Advanced provision of emergency contraception does not reduce abortion rates

Anna Glasier, Karen Fairhurst, Sally Wyke, Sue Ziebland, Peter Seaman, Jeremy Walker, Fatim Lakha

Research output: Contribution to journalArticlepeer-review

Abstract / Description of output

A number of small studies have demonstrated increased use of emergency contraception (EC) when women have a supply available at home. It has been suggested that widespread use of EC could reduce abortion rates. We undertook a community intervention study designed to determine whether offering advanced supplies of EC to large numbers of women influenced abortion rates. All women aged between 16 and 29 years living in Lothian, Scotland, were offered, through health services, five courses of EC without cost to keep at home. Of a population of around 85,000 women in this age group, the study showed that an estimated 17,800 women took a supply of EC home and over 4500 of them gave at least one course to a friend. It was found that nearly half (45%) of women who had a supply used at least one course during the 28 months that the study lasted. In total, an estimated 8081 courses of EC were used. EC was used within 24 h after intercourse on 75% of occasions. Abortion rates in Lothian were compared with those from three other health board areas of Scotland. No effect on abortion rates was demonstrated with advanced provision of EC. The results of this study suggest that widespread distribution of advanced supplies of EC through health services may not be an effective way to reduce the incidence of unintended pregnancy in the UK.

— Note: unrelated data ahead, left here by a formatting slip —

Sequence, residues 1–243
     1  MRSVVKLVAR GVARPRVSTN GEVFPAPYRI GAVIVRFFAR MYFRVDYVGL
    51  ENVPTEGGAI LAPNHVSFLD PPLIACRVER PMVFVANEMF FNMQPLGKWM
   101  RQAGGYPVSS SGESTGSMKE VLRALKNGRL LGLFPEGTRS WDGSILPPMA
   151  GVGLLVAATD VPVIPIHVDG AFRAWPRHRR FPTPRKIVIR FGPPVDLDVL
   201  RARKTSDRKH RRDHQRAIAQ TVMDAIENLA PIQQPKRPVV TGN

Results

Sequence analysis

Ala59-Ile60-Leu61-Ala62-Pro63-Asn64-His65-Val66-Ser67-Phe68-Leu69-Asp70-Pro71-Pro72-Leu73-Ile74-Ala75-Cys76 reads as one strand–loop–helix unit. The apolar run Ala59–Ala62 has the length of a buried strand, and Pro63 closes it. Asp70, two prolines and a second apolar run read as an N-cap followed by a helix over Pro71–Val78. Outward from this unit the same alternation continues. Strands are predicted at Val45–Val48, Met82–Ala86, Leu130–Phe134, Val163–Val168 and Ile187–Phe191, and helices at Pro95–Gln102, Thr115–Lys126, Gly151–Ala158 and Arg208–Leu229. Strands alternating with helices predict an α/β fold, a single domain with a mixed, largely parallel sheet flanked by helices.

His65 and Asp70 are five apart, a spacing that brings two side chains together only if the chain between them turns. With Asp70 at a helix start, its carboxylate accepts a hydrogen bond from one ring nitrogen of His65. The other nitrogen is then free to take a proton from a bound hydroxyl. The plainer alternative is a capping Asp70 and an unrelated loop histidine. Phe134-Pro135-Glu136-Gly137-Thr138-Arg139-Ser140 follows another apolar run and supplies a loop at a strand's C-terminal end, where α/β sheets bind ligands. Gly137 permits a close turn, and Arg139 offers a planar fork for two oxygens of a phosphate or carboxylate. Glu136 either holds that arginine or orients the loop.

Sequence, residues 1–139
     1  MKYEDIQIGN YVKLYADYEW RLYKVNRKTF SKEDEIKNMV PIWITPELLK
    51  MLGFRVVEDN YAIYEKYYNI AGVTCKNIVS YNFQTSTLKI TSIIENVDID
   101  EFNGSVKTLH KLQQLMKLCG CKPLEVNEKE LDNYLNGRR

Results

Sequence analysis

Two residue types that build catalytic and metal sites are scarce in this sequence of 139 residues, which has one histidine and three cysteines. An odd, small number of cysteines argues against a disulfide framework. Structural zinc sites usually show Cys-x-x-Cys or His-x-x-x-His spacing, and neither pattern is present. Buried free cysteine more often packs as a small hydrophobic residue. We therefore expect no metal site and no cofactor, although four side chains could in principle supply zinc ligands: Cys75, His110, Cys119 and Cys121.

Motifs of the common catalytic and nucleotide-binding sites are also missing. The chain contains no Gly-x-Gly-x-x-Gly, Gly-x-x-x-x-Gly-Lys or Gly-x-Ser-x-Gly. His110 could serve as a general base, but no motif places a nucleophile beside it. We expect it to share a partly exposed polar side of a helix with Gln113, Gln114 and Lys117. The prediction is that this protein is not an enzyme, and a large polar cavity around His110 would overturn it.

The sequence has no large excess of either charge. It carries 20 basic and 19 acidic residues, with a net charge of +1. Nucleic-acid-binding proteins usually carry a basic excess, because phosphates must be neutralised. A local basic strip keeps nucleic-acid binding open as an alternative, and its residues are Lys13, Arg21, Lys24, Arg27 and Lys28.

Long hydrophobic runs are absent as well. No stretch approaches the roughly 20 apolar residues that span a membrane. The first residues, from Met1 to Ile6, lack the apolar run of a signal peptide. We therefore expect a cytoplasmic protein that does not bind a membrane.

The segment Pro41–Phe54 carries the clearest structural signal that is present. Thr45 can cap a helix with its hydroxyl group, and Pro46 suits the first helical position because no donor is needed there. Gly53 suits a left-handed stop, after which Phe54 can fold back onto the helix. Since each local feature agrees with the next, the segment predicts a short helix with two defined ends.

Original languageEnglish
Pages (from-to)361-6
Number of pages6
Issue number5
Publication statusPublished - 2004


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